In the previous post, I discussed selecting the appropriate yarn and hook to begin learning.
But what do you do with it? Let’s go over some crochet basics! First, I will explain how to hold the hook and yarn. Then we will start with the basic slip knot, go into how to chain and finish with how to work single crochets for a few rows.
There are two main ways to hold your hook. The first, and the one I use, is the “knife” hold. You hold the hook with your first finger and thumb similar to how you would hold a knife, with your palm over the top of the hook.
The second popular way, is called the “pencil” hold. You hold the hook between your first finger and thumb with the end resting on the webbing between those two fingers.
Experiment with both options to see which one feels the most comfortable for you.
There are many different ways to hold your working yarn with your left (or non-dominant) hand. I prefer looping it over my first finger and running the end through my palm to help control my tension.
It’s also quite popular to wrap the yarn through various fingers to help with your tension. Don’t worry too much about tension right now (it just means how loosely or tightly you hold the yarn and work); it’s something that you learn to control with practice.
Crochet Basics: Slip Knot
To start with, I always hold the yarn in my left hand with the tail end of it resting in my palm.
Run the yarn on the outside of your index finger, over the top of it, then finish moving it around by coming underneath your finger and crossing the yarn over what is already laying on your finger.
Now, slip the loop off your finger and take the working yarn and push it through the bottom of the loop with your index finger. “Working yarn” is the yarn running from your project to the skein. Grab it from the top with your other hand and pull it tight. You’ve just made a slip knot!
Now you can stick your hook into it and use the working yarn end to snug it up to the hook. Don’t pull it too tight! You need to be able to slip your hook through it to work your chains, which we will start now.
Crochet Basics: Chain
The first step in creating a chain (or ch) is called a yarn over (yo). It’s just what it sounds like, wrapping the yarn over the hook.
You can do this either with your other hand or by twisting the hook into the yarn. Once you have the yarn over your hook, make sure the hooked end has caught it and pull it through your slip knot. That’s chain one.
Now you just repeat the process of YO and pull through until you have as many chains as you need.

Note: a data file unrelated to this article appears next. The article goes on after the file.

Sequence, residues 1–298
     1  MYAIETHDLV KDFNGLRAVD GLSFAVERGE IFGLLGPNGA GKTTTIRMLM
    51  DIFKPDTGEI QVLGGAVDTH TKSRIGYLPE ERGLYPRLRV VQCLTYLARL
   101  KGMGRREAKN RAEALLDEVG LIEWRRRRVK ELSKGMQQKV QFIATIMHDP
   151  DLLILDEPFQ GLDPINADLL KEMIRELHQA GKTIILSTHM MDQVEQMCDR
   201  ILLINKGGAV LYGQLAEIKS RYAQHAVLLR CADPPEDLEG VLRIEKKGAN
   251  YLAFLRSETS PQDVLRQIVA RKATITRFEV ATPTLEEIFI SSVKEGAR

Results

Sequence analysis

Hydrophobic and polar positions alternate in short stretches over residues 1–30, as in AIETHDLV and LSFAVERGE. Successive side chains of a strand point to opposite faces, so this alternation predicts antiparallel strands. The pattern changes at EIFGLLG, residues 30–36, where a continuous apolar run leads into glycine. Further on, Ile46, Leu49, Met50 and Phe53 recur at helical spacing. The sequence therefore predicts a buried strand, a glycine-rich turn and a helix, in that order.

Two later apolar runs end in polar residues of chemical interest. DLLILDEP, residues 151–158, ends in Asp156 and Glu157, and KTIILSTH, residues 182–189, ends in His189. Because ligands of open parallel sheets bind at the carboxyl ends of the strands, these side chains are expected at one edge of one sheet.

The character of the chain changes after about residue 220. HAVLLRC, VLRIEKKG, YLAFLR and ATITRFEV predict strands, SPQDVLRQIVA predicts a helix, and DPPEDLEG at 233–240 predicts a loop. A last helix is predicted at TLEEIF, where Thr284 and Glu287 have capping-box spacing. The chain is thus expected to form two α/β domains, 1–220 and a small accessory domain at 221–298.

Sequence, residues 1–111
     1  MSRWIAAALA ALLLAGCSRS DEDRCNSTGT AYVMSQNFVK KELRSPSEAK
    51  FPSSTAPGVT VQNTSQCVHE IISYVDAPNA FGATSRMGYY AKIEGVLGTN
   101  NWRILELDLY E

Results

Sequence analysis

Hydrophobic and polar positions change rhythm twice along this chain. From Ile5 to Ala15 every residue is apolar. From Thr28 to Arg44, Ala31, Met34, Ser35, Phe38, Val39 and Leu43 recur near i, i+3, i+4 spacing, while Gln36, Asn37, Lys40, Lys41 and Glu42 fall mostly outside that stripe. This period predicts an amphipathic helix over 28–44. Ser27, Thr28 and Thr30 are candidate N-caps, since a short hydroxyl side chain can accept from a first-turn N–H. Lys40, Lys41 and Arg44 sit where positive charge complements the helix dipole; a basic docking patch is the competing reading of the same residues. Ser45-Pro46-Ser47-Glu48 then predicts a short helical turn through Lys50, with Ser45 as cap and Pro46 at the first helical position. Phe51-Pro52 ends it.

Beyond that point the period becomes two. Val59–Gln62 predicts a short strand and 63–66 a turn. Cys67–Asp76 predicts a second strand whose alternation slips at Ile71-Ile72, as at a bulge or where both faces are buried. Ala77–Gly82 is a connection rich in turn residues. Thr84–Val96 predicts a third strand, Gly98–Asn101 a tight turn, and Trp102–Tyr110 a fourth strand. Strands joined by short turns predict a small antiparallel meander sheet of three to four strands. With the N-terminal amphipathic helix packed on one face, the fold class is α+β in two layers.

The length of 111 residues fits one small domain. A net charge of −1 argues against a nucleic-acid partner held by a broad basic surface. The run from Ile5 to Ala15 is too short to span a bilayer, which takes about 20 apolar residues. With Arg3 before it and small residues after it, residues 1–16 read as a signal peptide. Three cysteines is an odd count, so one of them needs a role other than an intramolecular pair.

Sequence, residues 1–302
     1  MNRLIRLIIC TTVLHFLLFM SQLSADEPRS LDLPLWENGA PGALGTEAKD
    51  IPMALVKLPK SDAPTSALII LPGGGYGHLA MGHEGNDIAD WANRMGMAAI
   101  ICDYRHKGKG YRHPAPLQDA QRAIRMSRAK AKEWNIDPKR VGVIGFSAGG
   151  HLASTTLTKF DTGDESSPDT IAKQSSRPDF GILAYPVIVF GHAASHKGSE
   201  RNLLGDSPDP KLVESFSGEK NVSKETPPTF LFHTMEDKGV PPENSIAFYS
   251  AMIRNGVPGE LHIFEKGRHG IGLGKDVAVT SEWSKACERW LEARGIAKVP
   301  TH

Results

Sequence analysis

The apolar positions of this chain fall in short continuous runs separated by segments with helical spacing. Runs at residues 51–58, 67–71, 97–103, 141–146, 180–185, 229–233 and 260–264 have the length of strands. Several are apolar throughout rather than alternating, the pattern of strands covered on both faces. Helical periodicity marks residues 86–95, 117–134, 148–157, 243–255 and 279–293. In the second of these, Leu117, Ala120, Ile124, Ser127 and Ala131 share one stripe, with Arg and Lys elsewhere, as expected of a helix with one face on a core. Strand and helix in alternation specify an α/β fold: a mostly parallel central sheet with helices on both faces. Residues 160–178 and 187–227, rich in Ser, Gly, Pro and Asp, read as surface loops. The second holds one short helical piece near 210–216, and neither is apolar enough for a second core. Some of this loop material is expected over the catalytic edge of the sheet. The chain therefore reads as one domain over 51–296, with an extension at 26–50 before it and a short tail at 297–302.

If you are not following a pattern but want to have a specific amount of stitches across, you will need to include a chain or chains to account for stitch heights. For a single crochet and a half-double crochet, you chain one. For a double crochet, chain two and for a treble crochet, chain three. Depending on your tension, you may have to chain three for a double and four for a treble.
Crochet Basics: Single Crochet
Now to practice our single crochets (or sc), let’s create a swatch that is 10 single crochets wide. To do so, you will chain (or ch) 11.
Note that the loop on the hook does NOT count as a chain. Skip the chain that is right next to the hook, and start working in the second chain from the hook.
To create a single crochet, insert your hook into the chain from front to back. Yarn over (yo) and pull up a loop (just pull the yarn through the chain but leave it on the hook). You should now have two loops on your hook.
YO again and pull through both loops and you have your first single crochet!
Continue this process (insert hook into chain, YO, pull up a loop, YO and pull through both loops on hook) until you reach the end of your foundation chain. At the end, you should have 10 single crochets. If not, count your chains to make sure you had 11 and that each one except for number 11 (counting from the slip knot) has a single crochet in it.
Turning Your Work
Crochet is always worked from right to left if you are right handed. Now that you have reached the end of the row, you have to chain to get the yarn up to the right height for the next row and turn your work. Since we are still practicing single crochets, chain one and turn.
It doesn’t really matter which way you turn your work over, but if you turn it counter-clockwise, you tend to have straighter edges.
Now you are set up to work right to left again. Working into single crochets is a little different than working into your foundation chain, though. If you look down from the top at your single crochets, you’ll see that it makes a little “v” shape.
Now look at the side and see the pieces that form that “v” and how there’s a little bit of space underneath. That’s where you want to put your hook.
Insert from front to back, yarn over, pull up a loop, yarn over and pull through both loops.
Continue this down the piece and make sure you have 10 single crochets at the end. And that’s it!
Prefer to learn things by watching someone actually do it? Here you go!
So now you can create any sort of object you want that is made from single crochet stitches. One of the most popular items with single crochet stitches is amigurumi. Amigurumi use single crochets worked in the round to create different shapes, most often used for stuffed animals.
For practice, you can try making a small washcloth or scarf using single crochets. Just make sure that you count your stitches! The next post is Crochet Basics Part 2 and will include the remaining major stitches; half-double crochet, double crochet, treble crochet and the slip stitch.